By Rich Tozzoli. The company describes this mastering plug-in as a “unique multiband limiter, human-ear EQ and powerful audio maximizer” that will increase the loudness of your mix while maintaining or improving its dynamic perception.
By Steve Harvey. Avid CEO Louis Hernandez Jr. discusses storytelling, creativity in new book.
By Rich Tozzoli. Dig into Universal Audio’s new software emulation of the classic Empirical Labs EL8 Distressor.
The PSN review team takes on a HDMI wireless connection kit that allows audio and/or video content to be shared wirelessly from a HDMI port-equipped device.
By Rob Tavaglione. Did I mention that I’m currently obsessed with shaping the stereo field? I should also mention that the stereo-izing of mono tracks has been part of that width obsession, too. Day after day, I’m called on to make bland lead vocals into sexy, stereo, shimmering images of intrigue. Thankfully, Side-Widener helps do just that.
By Rob Tavaglione. IK Multimedia makes a number of gadgets, accessories and forward-thinking tools that are geared towards the postmodern performing and self-recording musician. However, its new iRig Acoustic Stage is a must-have for both live and studio sound engineers for its unique problem-solving capabilities, coupled with a low price of only $99.
By Rob Tavaglione. I know that I’ve been asked no less than a hundred times, “Can you make it sound like it’s on a scratchy old record?” I’ve often skirted the somewhat clichéd or cheeky request by saying, “I can add some static, but it’s hard to make it sound really cool.” Well, now that I have iZotope’s Vinyl plug-in, I’m able to say “Yes, I can do that” followed by “And yes, it will sound cool.” It’s powerful stuff that is remarkably free.
For those unfamiliar with the Bit-tree brand of patchbays, it is worth noting that the company’s founder, CEO Glenn Garrard, got his start in the music industry by building and maintaining speakers and tape machines for Detroit’s Motown Records alongside the illustrious Berry Gordy, Jr. When Gordy relocated Motown to LA in the early 1970s, Garrard moved, too, eventually working in television (for The Merv Griffin Show) before founding Bit-tree later in the decade.
By Rob Tavaglione. At first look, Blue’s Baby Bottle SL doesn’t look like much of a “baby”—that is, until you compare it to its behemoth predecessor, The Bottle. I’ve reviewed The Bottle, and it is indeed a testament to “no holds barred engineering.” It’s quite possibly the world’s most versatile microphone. The Baby Bottle SL doesn’t take such a purist (or expensive) route, but still delivers a similarly focused and forward sound.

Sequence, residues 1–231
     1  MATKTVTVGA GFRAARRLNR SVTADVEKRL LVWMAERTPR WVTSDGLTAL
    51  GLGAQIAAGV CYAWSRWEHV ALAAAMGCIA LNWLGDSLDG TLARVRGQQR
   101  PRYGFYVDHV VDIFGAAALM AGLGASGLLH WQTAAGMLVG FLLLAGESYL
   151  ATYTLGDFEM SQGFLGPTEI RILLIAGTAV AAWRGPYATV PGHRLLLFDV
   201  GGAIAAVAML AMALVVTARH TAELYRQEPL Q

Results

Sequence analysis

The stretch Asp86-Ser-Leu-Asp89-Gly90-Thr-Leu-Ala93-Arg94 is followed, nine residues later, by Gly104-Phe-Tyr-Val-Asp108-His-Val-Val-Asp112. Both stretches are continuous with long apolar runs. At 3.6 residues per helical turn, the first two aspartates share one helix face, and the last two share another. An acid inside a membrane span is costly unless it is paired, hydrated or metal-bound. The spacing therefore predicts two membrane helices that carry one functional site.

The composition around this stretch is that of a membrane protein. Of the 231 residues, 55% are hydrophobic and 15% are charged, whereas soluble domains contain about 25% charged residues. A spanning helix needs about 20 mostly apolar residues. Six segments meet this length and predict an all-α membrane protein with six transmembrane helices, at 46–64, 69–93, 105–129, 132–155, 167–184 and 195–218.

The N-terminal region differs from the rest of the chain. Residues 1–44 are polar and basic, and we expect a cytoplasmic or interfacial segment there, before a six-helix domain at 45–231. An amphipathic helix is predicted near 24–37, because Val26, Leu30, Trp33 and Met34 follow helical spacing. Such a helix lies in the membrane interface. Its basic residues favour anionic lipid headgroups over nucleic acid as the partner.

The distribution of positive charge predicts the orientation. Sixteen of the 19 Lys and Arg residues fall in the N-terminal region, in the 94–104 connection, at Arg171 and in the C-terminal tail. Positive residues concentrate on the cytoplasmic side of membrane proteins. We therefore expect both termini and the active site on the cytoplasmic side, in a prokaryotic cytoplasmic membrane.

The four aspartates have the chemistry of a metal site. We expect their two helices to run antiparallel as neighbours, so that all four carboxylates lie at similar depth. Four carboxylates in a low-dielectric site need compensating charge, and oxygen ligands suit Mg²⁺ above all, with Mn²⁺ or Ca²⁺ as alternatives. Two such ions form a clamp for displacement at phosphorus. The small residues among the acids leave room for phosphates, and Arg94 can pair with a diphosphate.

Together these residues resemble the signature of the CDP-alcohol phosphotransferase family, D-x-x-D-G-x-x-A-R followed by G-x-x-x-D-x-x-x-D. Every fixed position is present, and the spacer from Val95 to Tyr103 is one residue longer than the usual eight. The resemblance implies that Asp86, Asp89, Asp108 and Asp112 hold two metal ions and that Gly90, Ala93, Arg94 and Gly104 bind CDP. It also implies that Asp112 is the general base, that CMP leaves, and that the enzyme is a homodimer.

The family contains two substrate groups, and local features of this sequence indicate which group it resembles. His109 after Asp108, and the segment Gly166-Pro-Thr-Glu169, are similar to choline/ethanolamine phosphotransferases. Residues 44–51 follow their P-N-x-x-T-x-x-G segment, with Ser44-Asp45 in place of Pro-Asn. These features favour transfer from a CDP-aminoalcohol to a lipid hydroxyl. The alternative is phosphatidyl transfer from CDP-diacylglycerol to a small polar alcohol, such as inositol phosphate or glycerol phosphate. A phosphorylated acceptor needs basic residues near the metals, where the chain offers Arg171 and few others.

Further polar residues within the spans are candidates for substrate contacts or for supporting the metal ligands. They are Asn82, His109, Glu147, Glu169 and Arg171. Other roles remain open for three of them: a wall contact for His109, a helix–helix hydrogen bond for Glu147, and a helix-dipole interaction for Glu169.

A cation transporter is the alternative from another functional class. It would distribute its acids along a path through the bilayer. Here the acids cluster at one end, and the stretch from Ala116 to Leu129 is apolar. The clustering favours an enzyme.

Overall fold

Cloud Microphones’s new Cloudlifter CL-Zi ($379 street) is a well-built, steel-chassis box featuring a variable impedance knob (labeled “Z”) and high-pass filter (HPF) to allow tone shaping through the manipulation of impedance loading.
By Strother Bullins. ESI Audiotechnik GmbH—a branded and OEM (Original Equipment Manufacturer) pro audio design/manufacturing firm since 1998—is now shipping its 24-bit/96 kHz-capable U168 XT audio interface ($499.95 street), featuring what are arguably a recordist’s most commonly needed I/O at very attractive price points. Having used a wide range of USB I/O units, I was happy to find such an affordable, well-built 1U box with precisely what I find myself needing in most of the laptop, site-based multitracking sessions that I do. And at this price, I expect the U168 XT would serve a wide range of users well, notably those who may need a secondary I/O for on-the-go tracking situations, as described below.
Having already reviewed DPA’s lovely d:screet SC4098 supercardioid podium microphone in both house-of-worship (HOW) and theater environments (in Pro Sound News’ June 2015 issue), I revisited this world-class microphone recently, pairing it with the new DM6000 Microphone Base, an incredibly flexible product that can be used on tabletops or lecterns, or hung from the ceiling.
By Russ Long. The ADK Custom Shop’s Custom Z-Mod mics—which include the ADK Z-800, ADK Z-251, ADK Z-49, ADK Z-12, ADK Z-47 and ADK Z-67—are ADK’s definitive microphone line. Each model is hand-built in the USA in the sonic tradition of one particular classic microphone that is well-known in the history of recorded music. Each of the mics feature discrete Class-A tube electronics and offer nine polar patterns.
Everyone is a content creator these days. But while we can capture HD video on our smart devices, says Anthony Mattana, “When it comes to audio on our phones, we throw a Hail Mary and say, ‘the mic’s open.’ People don’t even know you can adjust mic gain.” In 2014, Mattana, a former Broadway theater sound designer, founded Hooke Audio, assembled a team of designers and developers, and launched a Kickstarter campaign for Verse, a pair of Bluetooth headphones with integrated binaural microphones.
By Russ Long. Beautifully built in the spirit of the classic Neumann U67 to David Bock’s specifications, the Soundelux USA U99 tube condenser microphone ($2,599 street) is one of the finest microphones being manufactured today at any price. The tube microphone’s pickup pattern is continuously variable from omnidirectional to cardioid to figure-8. The glossy black and beautiful mic features a European-made K67 dual-membraned 1-inch capsule and is equipped with the same signature Soundelux USA Fat switch found on the U195 mic, as well as an inventive and musical high-frequency Cut-Flat-Boost switch that that works in tandem with its Hi-Lo switch.
By Strother Bullins. At NAMM 2017, Blue Microphones announced three newly revamped microphone models as part of its Essential Series, a collection comprised of the company’s best-selling condensers, featuring updated aesthetics, more sonic flavor and some key added features. Two of the three—the Bluebird SL and Spark SL—are reviewed here; Rob Tavaglione is currently reviewing the Baby Bottle SL for publication at a later date, as he reviewed the original Baby Bottle years ago.
By Strother Bullins. Upon auditioning Series Black by Lauten Audio—a typically “higher-end” and all-original design-centric microphone manufacturer—I felt as if I might’ve discovered a new subcategory of condensers. Though budget priced, the series provides a significant value in tonality, far from the typical “budget” microphones I have used in the past. Though “no frills,” Series Black mics are thoughtfully equipped with what many modern (e.g., primarily residential) audio engineers will need; filter frequency points were chosen specifically by Lauten’s owner/designer, Brian Loudenslager, to better serve those sheetrock-rich customers. And, though far from “fancy” or intentionally ornamental, Series Black products aren’t exactly plain, and are definitely not bland. So in truth, Lauten’s “Series Black” moniker is spot-on. Somewhat like Henry Ford’s first factory-built cars, these mics are comparably affordable, relatively well-constructed, useful to most users, free of accouterments,